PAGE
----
When they are not a hurdle to conveying the meaning intended, minor errors in grammar form may be overlooked during an interaction or treated at strategic points of the activity (e.g. when everyone has taken a turn in a round table conversation).

Flash corrections

Quick and very occasional flash corrections are fine for punctual, obvious errors (word ending, conjugation tense, word missing) for short interactions if they don’t interrupt the flow of communication.

Deferred corrections

FSL instructors will resort to undisruptive strategies to address recurring errors in a timely manner during oral interaction: for example, by including in their own answer the element improperly used by a student and providing an immediate error-free version.

Recurring or significant errors

Some errors may compromise the flow of communication when they are too frequent or obvious. During communicative activities, the student is invited to rephrase his sentence or clarify meaning using basic, familiar phrases (e.g., Vous pouvez répéter, s’il vous plait ?) – just like a native speaker would. Recurring errors will be explicitly addressed during grammar lessons and targeted activities.

Exposure to French and the role of English during the class

A balanced approach

Using English occasionally for clarification can contribute significantly to the efficiency of the course, particularly at the beginner levels. As students gain more fluency in French, the teacher gradually switches to French as the medium language during lessons.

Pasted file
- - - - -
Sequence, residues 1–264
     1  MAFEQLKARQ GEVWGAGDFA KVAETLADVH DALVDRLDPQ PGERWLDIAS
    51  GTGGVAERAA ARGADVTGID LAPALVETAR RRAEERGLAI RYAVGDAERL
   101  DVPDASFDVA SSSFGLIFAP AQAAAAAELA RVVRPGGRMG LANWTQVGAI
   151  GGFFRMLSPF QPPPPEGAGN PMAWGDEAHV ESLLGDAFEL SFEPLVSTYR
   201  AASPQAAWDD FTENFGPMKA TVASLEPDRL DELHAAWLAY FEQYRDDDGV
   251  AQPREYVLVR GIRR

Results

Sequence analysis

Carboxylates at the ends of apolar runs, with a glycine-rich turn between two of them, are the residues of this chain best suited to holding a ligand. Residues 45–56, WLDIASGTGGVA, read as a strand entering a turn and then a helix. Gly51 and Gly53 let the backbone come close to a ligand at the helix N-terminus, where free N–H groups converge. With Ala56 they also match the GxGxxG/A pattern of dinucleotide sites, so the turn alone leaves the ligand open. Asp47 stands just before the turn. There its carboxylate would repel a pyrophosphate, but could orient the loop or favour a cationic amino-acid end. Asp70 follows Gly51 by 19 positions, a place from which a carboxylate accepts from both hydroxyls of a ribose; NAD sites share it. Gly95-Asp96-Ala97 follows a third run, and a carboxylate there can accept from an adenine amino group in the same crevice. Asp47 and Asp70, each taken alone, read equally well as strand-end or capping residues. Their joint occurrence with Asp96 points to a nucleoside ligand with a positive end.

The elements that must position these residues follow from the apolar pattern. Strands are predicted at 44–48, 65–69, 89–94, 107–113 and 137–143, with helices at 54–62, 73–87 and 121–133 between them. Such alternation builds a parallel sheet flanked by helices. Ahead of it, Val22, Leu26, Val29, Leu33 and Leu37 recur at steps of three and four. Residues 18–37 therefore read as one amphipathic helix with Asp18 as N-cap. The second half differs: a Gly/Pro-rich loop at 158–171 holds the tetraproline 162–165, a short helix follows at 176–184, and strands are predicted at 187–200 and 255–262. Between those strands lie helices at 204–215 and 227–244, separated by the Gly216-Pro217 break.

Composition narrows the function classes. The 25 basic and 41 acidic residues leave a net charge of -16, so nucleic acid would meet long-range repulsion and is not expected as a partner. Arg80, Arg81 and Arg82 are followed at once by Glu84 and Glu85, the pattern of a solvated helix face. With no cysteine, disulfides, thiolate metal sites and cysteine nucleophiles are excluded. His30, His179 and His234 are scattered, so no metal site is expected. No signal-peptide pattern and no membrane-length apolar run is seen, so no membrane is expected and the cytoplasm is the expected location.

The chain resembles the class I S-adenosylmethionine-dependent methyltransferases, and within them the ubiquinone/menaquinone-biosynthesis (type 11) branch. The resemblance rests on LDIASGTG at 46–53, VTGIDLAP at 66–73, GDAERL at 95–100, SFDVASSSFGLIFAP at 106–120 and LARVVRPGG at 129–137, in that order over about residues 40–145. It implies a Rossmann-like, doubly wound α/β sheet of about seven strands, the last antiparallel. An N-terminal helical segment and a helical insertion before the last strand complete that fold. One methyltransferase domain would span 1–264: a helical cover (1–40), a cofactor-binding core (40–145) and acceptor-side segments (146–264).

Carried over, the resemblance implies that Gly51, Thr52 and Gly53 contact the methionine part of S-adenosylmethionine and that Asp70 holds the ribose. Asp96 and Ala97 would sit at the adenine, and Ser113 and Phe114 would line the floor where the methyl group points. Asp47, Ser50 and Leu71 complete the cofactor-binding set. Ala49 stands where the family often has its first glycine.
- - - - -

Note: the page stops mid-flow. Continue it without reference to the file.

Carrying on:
At the beginner level, it is critical to arrange from the start strategic times when French is the only language spoken in class: this is the main purpose of communicative activities but it can also take place during systematization exercises, pattern drills or vocab review.

When do instructors use English

Translation and importance of visual cues

Typically, new language material is always translated into English to ensure clarity and accuracy in meaning. However, visual cues quickly take over as students get familiar with the word they are associate with and they provide the basis for most oral activities during the session. From the initial stage, vocabulary words or expressions are presented in writing alongside an image, symbol or pictogram that provide the basis for most oral activities in the rest of the unit.

English as a medium language

Spoken English is used at the beginner level but always confined to specific stages of the session – grammar lessons, socio-cultural explanations or to clarify instructions for example. During practice activities, students are encouraged to seek clarification in French using basic phrases instead.

A methodological tool to develop bilingual skills

At a more advanced level, English comes in handy to address the more structural aspects of the language (syntax, verb conjugation, idioms). The instructor may use translation to point out the differences and similarities between both languages, allowing students gain a deeper understanding of the underlying grammar and overall a more accurate, functional knowledge of their second language. Regular translation-based exercises and oral pattern drills will also help students develop bilingual reflexes and improve oral communication skills.